Was it just me, or were the Oscars like the longest episode of "American Idol" ever? First, Ryan Seacrest interviewed all the contestants—oops, make that nominees—on the red carpet. Then, the stage was suspiciously similar to the circular "Idol" platform, and the live show began with a musical number from host Hugh Jackman. The first winner was announced by a panel, though unfortunately Paula Abdul wasn't on it. And at some point in the evening, Jackman appeared with Beyonce, Zac Efron and Vanessa Hudgens to cover a strange assortment of Broadway tunes.
That latter number was awfully schizophrenic, and it only made sense when we learned that it was directed by the king of excess himself, Baz Luhrmann. The flashy, uneven choreography summed up the entire evening. This year was the Academy's biggest push to make the Oscars young and more relevant. Too bad they failed, even worse than when they tapped Jon Stewart as host. Throughout the telecast, my BlackBerry buzzed with messages from friends, all in their 20s, about how un-hip and un-young and unwatchable the Oscars felt.
It's not the Academy's fault the show was so predictable—nothing could stop "Slumdog Millionaire"'s unstoppable march to victory. At the same time, what the heck was going on onstage? It felt as though MTV executives tried to hatch a new Oscars, with two strange parents: the old Oscars and the Tonys. Needless to say, the result was a weird-looking baby.
Without further ado, let's get rid of the envelopes, please. Here are the eight strangest moments of the strangest Oscars of all time.
1. The Academy promised us this year that the show would finally come in at three hours, and it was only 30 minutes over. The problem is, it felt twice as long. For some crazy reason, the Academy did away with showing clips of all the acting nominees, even though it's a high point, a way of comparing the performances to each other. Instead, what we got was the ghosts of Christmas past.
Each acting category was announced not by one, not by two, not by three, not by four, but by five (five!) presenters. And they weren't just any presenters, but old winners in each category, some of whom seemingly haven't been seen in public for decades. So for Best Supporting Actress, we were treated to appearances by Whoopi Goldberg, Tilda Swinton, Goldie Hawn, Eva Marie Saint and Anjelica Huston. Having such different, and differently dressed, actresses all onstage at the same time eulogizing—because that's really what it felt like—the nominees was so distracting, it was hard to focus on the eventual winner, Penelope Cruz (who ended her speech in Spanish, completing the weird dream sequence).
2. The pairings of presenters are always weird, but nothing topped the weirdness of Jennifer Aniston appearing onstage with Jack Black, Angelina Jolie's "Kung Fu Panda" pal. Then, as if Aniston's this-isn't-awkward teleprompter reading wasn't awkward enough, the camera panned to her ex Brad Pitt and Angelina Jolie, looking up at Aniston, who had come to the Oscars with John Mayer.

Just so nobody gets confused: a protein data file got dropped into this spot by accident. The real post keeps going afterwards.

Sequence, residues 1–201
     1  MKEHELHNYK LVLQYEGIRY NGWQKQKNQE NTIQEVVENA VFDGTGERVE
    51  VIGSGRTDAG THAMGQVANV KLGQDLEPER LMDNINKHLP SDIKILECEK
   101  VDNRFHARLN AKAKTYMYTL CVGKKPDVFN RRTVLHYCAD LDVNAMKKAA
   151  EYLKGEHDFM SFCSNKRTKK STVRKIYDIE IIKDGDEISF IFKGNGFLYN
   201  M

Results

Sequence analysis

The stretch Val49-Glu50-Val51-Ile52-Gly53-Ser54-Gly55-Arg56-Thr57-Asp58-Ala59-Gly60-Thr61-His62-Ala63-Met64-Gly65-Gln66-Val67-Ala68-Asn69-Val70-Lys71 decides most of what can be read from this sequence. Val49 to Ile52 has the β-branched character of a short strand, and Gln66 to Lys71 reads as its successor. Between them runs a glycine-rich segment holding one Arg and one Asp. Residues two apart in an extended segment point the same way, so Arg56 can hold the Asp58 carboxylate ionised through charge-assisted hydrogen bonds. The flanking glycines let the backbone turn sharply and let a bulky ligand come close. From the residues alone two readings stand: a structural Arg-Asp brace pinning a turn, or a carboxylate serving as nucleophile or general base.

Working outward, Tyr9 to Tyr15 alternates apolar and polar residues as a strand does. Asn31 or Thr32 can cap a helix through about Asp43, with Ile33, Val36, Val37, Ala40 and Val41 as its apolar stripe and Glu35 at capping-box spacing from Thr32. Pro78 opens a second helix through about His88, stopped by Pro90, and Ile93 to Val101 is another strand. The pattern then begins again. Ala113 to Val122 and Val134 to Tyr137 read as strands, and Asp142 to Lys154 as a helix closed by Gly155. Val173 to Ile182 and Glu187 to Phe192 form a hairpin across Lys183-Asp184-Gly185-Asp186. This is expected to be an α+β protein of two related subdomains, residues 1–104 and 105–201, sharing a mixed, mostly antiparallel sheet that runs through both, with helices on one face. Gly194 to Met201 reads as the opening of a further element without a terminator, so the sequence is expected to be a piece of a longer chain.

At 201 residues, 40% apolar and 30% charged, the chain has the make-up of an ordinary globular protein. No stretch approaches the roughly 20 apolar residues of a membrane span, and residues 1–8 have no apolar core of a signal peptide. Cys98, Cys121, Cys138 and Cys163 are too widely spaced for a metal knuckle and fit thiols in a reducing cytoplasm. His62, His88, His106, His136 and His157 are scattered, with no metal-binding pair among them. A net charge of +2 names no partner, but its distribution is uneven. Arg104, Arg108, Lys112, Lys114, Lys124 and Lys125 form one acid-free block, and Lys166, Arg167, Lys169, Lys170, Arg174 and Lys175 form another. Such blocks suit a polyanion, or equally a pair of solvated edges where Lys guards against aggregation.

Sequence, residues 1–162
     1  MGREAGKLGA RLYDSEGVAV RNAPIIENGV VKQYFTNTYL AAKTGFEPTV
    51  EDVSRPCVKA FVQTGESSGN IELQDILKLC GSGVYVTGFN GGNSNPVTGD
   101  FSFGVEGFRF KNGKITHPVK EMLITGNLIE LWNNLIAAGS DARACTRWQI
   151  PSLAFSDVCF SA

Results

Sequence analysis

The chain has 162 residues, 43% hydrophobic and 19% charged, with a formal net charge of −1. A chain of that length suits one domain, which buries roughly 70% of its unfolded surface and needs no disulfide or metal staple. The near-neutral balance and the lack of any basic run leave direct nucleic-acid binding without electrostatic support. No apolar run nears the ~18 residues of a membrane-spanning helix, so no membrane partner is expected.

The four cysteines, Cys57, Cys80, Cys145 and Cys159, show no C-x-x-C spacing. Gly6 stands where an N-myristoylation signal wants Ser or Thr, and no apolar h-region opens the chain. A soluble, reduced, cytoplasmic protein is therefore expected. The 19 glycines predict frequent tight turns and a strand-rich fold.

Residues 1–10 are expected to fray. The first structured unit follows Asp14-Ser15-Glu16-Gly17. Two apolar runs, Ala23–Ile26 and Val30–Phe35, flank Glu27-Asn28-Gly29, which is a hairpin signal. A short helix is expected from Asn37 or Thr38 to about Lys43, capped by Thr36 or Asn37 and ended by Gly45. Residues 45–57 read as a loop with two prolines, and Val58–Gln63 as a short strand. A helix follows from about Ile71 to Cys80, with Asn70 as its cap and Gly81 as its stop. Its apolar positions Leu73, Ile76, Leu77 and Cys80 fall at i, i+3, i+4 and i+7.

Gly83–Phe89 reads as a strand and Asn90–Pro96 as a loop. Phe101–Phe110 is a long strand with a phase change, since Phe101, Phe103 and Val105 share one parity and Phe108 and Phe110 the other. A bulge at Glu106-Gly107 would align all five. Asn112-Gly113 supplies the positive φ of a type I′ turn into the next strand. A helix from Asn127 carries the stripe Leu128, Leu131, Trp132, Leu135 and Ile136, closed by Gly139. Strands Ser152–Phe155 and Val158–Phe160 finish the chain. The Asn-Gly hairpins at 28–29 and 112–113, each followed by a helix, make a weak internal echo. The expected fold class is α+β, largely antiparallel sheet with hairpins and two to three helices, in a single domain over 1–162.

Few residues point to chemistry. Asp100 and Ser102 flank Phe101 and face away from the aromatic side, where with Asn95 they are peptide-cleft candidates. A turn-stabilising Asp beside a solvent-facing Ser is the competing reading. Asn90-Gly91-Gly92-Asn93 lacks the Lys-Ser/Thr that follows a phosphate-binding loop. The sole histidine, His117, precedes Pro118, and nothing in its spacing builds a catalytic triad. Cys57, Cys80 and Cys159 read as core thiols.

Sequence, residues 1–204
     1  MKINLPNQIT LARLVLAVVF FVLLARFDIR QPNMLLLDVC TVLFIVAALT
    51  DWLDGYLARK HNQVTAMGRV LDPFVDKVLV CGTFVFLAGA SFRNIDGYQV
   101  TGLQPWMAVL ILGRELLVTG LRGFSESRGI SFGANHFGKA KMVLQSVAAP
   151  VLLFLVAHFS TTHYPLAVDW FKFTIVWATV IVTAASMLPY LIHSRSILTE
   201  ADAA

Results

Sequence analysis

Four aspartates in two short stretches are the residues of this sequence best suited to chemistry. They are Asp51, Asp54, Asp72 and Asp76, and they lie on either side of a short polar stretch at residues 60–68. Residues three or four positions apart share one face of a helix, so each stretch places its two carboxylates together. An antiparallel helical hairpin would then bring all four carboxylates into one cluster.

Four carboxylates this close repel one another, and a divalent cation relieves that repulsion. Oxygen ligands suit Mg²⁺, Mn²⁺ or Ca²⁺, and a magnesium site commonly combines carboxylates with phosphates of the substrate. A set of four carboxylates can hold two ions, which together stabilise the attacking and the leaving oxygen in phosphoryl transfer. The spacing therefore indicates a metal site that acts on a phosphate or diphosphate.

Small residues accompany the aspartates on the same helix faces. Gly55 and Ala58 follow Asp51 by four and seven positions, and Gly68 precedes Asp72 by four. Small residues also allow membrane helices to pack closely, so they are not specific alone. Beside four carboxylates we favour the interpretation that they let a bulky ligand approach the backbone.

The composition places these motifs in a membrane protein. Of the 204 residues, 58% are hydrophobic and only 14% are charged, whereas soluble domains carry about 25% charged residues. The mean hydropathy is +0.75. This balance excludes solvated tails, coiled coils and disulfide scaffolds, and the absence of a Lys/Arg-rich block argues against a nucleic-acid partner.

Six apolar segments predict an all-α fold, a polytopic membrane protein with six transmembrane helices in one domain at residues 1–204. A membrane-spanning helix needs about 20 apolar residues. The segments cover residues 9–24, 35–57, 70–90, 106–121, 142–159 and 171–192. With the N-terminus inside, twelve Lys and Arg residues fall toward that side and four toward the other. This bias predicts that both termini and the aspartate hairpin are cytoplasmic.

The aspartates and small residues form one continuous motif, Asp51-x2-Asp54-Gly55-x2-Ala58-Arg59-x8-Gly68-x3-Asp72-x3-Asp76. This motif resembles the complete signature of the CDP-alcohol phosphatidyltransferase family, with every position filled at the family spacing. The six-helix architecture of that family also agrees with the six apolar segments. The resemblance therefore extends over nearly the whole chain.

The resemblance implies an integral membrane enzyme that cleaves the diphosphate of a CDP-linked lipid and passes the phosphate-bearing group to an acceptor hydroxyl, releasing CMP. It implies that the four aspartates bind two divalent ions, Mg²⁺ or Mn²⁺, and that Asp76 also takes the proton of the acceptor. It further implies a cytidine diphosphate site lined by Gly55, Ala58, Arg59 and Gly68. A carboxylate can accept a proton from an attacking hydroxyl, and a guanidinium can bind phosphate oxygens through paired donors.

3. Hugh Jackman is a pretty charming guy, but the material didn't live up to his talents as a host. His opening song number, where he re-enacted some of the nominated movies, felt like high school musical theater (except for the moment when he brought Anne Hathaway onstage for a "Frost/Nixon" routine). And the big Beyonce number really did seem to be stolen from "American Idol," with Efron, Hudgens and the kids nobody knows from "Mamma Mia" all crooning their hearts out.
4. Anybody who tuned in to the Oscars in the middle of the Best Song numbers might have thought they were watching the Bollywood channel by mistake. The Academy somehow nominated two songs from "Slumdog Millionaire"—instead of, you know, that one great song by Bruce Springsteen from "The Wrestler." Clumping the two together in a performance (along with a song from "Wall-E") didn't help distinguish them.
5. Usually, the montage of the dead is backed by sad instrumental music (and swells of applause). This year, it was backed by Queen Latifah in a full blue gown singing "I'll Be Seeing You." As if that weren't over-the-top enough, the stage had more TV screens than a Best Buy, and each set showed a different image. It was like trying to watch an amateur YouTube clip.
6. Remember criticism No. 1? Things got even stranger in the Best Actress category when Sophia Loren tried (the key word being "tried") to pay tribute to Meryl Streep. Streep's what-the-heck-are-you-saying reaction was priceless.
7. Were the people backstage who were in charge of making things happen onstage asleep? At one point, the curtain didn't open. And when Reese Witherspoon was talking about Best Director, the video clip started early, startling even her.
8. Why were there so many old movie clips spliced into the five clips for Best Picture? Given that so few people actually saw the movies nominated this year, how many viewers caught that "Lost in Translation" wasn't "The Reader"?
Still, I'd like to thank the Academy for at least one classic moment—when James Franco and Seth Rogen belted out "Mamma Mia" while watching their Academy screeners in a clever prerecorded video. Maybe they should host next year.